Senate Republicans expressed frustration because store owners still aren’t satisfied with the new payday lending bill, which is friendlier to lenders.
“You and your people have been involved in this bill for over a year since it was introduced,” Sen. Scott Oelslager, chairman of the Senate Finance Committee, told Ted Saunders, CEO of CheckSmart’s parent company, according to Cleveland.com. “So to sit there and say that you weren't part of the process — to sit there and say that you were cut out — is ridiculous. Because the facts show otherwise.”
Oelslager added that he had asked the industry numerous times to meet with the Pew Charitable Trusts — which is advocating for changes to protect consumers — but the meeting never happened. Senate Republicans decided to move forward anyway, working with Pew to come up with a substitute version of House Bill 123, which is is expected to be up for a vote by the Senate Finance Committee today (July 10) at 9am. If it passes, the full Senate will vote on the legislation the same day.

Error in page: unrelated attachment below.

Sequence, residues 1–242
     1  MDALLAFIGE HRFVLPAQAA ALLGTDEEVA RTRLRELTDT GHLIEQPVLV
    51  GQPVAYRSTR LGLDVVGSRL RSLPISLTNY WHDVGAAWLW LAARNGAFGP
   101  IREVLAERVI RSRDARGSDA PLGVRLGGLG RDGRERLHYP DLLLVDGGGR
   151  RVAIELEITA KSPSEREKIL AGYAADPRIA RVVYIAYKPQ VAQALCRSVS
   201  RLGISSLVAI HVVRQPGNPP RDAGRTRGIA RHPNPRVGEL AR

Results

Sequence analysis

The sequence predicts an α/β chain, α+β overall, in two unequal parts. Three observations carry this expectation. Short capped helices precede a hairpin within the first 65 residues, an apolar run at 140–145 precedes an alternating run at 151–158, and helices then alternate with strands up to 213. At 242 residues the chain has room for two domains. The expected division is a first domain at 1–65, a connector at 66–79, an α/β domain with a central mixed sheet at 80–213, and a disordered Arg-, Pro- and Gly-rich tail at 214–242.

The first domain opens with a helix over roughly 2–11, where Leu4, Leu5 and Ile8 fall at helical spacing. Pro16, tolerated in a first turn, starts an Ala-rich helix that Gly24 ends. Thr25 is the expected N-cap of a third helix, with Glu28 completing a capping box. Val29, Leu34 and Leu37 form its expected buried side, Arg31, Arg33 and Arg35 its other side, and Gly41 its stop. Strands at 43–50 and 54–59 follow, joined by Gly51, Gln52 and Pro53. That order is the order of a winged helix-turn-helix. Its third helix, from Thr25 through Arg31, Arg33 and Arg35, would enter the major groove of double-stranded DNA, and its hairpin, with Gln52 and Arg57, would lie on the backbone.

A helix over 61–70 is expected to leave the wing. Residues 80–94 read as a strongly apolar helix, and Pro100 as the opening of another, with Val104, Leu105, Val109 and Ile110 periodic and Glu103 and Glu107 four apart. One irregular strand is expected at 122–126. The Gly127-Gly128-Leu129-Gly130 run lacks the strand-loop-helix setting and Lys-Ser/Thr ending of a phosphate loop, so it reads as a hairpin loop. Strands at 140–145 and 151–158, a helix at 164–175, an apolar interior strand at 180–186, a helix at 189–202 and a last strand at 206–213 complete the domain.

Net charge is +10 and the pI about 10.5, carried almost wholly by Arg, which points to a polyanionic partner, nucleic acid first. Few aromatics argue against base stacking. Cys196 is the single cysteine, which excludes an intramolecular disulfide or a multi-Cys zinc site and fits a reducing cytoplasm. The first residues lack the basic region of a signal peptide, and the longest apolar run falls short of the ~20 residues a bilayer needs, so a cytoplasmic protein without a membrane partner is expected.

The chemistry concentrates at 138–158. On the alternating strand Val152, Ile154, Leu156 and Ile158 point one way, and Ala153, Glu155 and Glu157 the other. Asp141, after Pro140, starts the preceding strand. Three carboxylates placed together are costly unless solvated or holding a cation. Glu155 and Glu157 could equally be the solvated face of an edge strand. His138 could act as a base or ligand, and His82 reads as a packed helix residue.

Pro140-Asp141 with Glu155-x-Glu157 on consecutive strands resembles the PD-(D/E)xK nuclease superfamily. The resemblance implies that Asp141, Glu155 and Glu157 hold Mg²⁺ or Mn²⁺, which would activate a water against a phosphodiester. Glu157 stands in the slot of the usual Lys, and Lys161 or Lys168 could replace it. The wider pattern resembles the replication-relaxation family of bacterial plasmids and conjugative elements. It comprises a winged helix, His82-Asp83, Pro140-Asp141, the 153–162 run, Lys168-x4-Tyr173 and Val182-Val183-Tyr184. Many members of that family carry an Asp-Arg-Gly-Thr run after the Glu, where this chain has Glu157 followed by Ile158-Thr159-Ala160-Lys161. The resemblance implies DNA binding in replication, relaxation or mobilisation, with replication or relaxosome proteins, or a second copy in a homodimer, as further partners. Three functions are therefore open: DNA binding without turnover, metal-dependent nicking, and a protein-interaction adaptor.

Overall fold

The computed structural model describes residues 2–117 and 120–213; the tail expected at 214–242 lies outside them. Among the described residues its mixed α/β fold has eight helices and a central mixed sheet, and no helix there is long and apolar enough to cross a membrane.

Under substitute House Bill 123, the maximum loan limit would be $1,000, up from $500 in the original version of the bill; the cost of the loan — fees and interest — cannot exceed 60 percent of the loan’s original principal; the interest rate would be no more than 28 percent; there would be no loans under 90 days unless the monthly payment is not more than 7 percent of a borrower's monthly net income or 6 percent of gross income; borrowers could not carry more than a $2,500 outstanding principal across several loans; lenders could charge a monthly maintenance fee that’s the lesser of 10 percent of the loan’s principal or $30; and for loans longer than 90 days, lenders would have to provide the consumers with a sample repayment schedule based on affordability.
In addition, it would prohibit harassing phone calls from lenders, as well as require the lender to provide loan cost information verbally and in writing.